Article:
Jason Albertson has been working in the communities of poverty, substance use, HIV, and mental illness with people experiencing homelessness in San Francisco since 1991. Currently, he is assigned to the Department of Public Health’s Outbreak Management Branch, Shelter and Encampment Division as the team’s Behavioral Health Specialist.
Submitted November 16, 2020
In March of 2020, I was activated as a Department of Public Health Disaster Services Worker and stopped working at my regular job as a health program coordinator providing services to people experiencing homelessness and HIV. I began to build a program to help people who had been diagnosed with COVID-19 or were suspected of being positive remain in an isolation and quarantine hotel.
The memory of watching groups of individuals follow a deteriorating trajectory, and feeling that we as caretakers had abandoned the folks when we closed the shelter for the good of the community will stay with me. It was a necessary decision but the concomitant needs and implications were not explored well.
How It Is
Written June 19, 2020
I’ve been working the alleys, helping out with the DPH outbreak management branch work and helping folks get tested. Folks on the alleys, in the streets, have been in place a long time, in the heat, in the dust. They are cooked. There is no available shelter. Access to hotels is based upon COVID-19 vulnerability. If you don’t have vulnerability, no room for you.
Many ask me how to get help, how to get into a Shelter In Place hotel, how to get a California ID in a time of viral uncertainty. I don’t have many answers.
“I’m working outbreak”, I say, “Would you like a mask, a squirt of hand cleaner, a bottle of water? How are you doing? Any fever, cough headache? Do you know you can have this illness and not have symptoms and give it to people? Can we help you stay safe? I can give you a mask.”
I recognize people I know from positions I’ve held on the Encampment Resolution Team outreach, from the Homeless Outreach Team, from LINCS HIV case management navigation team, and even from the mental health clinic I worked at 20 years ago. With the people I know, there is almost always a smile, a rueful, knowing smile that they find me here, on this street, at this time, with them. I think the smile is talking.
“You too, huh? We should have expected to see you out here, even though last I heard you were management.”
Nowhere I’d rather be than on that street, smiling. Smiles can be seen above the mask. The eye-flesh crinkles up. I see someone, I smile, and hold it. We need the smiles more than ever because of COVID-19, because I might get the illness.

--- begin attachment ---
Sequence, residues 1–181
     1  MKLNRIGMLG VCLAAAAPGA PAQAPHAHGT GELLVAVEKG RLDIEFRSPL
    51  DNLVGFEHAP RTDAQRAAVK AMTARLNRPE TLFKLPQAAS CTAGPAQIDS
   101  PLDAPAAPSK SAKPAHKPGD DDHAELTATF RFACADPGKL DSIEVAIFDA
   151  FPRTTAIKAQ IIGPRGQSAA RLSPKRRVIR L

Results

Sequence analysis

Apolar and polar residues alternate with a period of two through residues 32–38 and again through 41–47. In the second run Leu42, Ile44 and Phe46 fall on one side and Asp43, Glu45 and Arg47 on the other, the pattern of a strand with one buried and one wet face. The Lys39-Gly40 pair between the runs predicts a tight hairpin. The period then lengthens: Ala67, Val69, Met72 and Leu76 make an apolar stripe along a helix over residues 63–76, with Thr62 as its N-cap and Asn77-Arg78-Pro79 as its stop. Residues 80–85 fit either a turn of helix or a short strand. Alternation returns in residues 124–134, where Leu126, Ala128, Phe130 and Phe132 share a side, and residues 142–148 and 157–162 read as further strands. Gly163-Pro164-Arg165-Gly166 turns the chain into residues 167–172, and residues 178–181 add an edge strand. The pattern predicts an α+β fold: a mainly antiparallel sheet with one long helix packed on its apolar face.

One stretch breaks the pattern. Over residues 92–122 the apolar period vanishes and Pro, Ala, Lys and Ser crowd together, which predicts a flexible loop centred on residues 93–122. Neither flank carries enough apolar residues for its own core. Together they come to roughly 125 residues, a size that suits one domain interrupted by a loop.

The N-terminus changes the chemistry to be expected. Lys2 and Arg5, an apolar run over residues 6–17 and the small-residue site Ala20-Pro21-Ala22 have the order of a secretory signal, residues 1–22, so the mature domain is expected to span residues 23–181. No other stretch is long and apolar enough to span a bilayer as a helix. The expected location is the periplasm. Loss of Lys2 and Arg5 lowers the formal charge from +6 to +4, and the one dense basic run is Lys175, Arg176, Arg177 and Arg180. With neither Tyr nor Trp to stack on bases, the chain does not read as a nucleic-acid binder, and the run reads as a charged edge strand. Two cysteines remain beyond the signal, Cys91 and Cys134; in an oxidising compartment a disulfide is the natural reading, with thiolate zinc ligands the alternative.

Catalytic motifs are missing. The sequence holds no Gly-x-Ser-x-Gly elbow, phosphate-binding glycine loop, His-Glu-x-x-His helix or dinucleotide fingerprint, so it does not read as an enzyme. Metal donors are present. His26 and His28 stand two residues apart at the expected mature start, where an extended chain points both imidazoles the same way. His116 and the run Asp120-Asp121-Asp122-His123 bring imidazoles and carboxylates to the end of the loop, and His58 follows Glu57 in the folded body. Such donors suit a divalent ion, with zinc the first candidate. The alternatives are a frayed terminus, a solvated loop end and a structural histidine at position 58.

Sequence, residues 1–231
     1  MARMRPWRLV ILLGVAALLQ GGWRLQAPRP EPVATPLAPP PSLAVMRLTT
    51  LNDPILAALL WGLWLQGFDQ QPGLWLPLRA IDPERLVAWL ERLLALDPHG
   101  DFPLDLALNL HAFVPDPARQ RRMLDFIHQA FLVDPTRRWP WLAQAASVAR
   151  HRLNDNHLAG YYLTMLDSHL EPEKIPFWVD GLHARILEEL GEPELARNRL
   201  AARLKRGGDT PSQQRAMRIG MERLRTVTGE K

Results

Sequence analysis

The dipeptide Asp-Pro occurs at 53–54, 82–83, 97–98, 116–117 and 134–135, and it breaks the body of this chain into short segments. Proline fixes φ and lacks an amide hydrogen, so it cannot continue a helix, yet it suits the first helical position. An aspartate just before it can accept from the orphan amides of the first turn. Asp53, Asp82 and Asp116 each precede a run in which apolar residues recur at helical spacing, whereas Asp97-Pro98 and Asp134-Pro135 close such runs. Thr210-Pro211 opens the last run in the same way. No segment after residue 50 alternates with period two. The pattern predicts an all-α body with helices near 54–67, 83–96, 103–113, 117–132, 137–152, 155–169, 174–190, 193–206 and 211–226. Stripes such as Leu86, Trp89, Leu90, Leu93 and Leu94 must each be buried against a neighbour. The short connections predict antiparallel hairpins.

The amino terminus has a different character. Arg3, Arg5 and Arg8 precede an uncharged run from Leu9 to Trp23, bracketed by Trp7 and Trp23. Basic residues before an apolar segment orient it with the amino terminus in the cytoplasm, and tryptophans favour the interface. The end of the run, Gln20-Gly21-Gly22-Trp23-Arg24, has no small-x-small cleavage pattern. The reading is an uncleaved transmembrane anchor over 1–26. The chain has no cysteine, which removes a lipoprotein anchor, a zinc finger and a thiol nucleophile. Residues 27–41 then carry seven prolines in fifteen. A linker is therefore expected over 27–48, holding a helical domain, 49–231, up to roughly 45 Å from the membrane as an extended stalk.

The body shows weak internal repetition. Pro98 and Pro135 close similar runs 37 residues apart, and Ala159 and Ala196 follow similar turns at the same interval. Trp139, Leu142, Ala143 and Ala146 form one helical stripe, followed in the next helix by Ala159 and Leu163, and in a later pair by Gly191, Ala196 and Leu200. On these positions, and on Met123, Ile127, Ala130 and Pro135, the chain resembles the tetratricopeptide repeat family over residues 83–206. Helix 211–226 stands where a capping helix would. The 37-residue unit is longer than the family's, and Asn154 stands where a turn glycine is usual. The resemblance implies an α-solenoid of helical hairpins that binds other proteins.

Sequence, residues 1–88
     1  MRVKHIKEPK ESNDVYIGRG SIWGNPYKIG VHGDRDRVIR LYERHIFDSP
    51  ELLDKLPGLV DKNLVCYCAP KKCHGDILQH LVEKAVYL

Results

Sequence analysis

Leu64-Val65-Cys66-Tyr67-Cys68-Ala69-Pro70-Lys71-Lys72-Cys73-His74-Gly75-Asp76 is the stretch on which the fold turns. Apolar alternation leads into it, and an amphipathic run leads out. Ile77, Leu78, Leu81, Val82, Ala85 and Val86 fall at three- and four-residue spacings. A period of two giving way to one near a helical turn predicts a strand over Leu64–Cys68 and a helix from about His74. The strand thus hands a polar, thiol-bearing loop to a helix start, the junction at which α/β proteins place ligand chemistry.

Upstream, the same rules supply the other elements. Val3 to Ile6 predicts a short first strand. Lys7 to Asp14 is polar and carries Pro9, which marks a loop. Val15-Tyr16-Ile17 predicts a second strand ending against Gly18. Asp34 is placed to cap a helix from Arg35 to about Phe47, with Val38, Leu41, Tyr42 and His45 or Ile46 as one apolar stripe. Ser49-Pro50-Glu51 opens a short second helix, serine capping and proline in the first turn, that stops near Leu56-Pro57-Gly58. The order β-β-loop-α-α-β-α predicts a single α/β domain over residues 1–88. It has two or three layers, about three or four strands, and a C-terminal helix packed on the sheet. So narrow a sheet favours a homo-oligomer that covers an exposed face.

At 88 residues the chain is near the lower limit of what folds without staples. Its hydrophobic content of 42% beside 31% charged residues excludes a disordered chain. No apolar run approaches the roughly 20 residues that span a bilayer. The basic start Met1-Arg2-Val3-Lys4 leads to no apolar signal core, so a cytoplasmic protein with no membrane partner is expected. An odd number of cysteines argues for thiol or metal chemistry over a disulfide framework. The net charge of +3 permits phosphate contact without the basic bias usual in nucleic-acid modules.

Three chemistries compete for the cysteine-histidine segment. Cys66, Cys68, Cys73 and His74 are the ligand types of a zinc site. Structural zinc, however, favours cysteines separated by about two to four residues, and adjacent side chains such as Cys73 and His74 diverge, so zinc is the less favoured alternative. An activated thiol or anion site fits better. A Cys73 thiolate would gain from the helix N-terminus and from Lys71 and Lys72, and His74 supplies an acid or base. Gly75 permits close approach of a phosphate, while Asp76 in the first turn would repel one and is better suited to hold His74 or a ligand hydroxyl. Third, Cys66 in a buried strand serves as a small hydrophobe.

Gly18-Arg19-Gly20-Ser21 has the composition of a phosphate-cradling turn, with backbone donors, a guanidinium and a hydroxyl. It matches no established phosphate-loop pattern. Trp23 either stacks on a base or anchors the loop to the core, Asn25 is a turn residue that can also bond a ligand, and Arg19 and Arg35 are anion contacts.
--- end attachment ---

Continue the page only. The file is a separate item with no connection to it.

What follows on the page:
I think we are all in this together. All at risk. There is an Arabic saying, “When danger comes, sing to it.” I’m singing more these days. The fam is a bit irritated by that.
There are a lot of folks out here with compound challenges but more than the impacts of mental health problems or substance use problems, they are worn. Each day takes a bit more reserves from them. Help is not in sight, maybe not on the way, the cavalry bearing health and a place to stay isn’t showing.
The fundamental injustice is clearly defined. Holding up, bearing up, bearing down, taking joy with people around them, but knowing, beyond knowledge, that in the ways that really count they have been abandoned, judged negatively on the status dimension, relegated to the ranks of misbegotten children. If they hadn’t been abandoned they’d be inside, safer, and we’d be working to develop support and services.
Sometimes I think the folks on the street are waiting, waiting for COVID-19. I’m working outbreak management. I’m waiting for COVID-19. Units are being developed, processes being established and I have full respect for the Human Services Agency and Homeless and Supportive Housing partners driving this process. But it is not enough, not fast enough and people are cooked.
When I go to work, each day, I ride Mission Street. Each day I see people crashed out on the sidewalk. Each day I see them get a little dirtier, more bearded, more tanned. Then I see they have lost their shoes. The next time I see them they are shouting to beings I don’t see, shoeless in the street. They are on the tracks, the train is coming and they can’t see that headlight.
Meth eats people. That road to recovery is a long one, and it’s hard to walk that trail.
I keep hope going. It’s a conscious process. I don’t do anybody any good at all if I lose hope. “How do you do that?”, someone asks. The answer is that I spend a few minutes each day, usually on the way home, thinking about what I am grateful for and what I have in my life that I love. This inspires hope. It is my hope that I can inspire hope, and the opportunity to do so is never far off.
In a time of unforeseen calamity, unexpected impacts, hope might be what we have to give to each other, for each other, and for our community.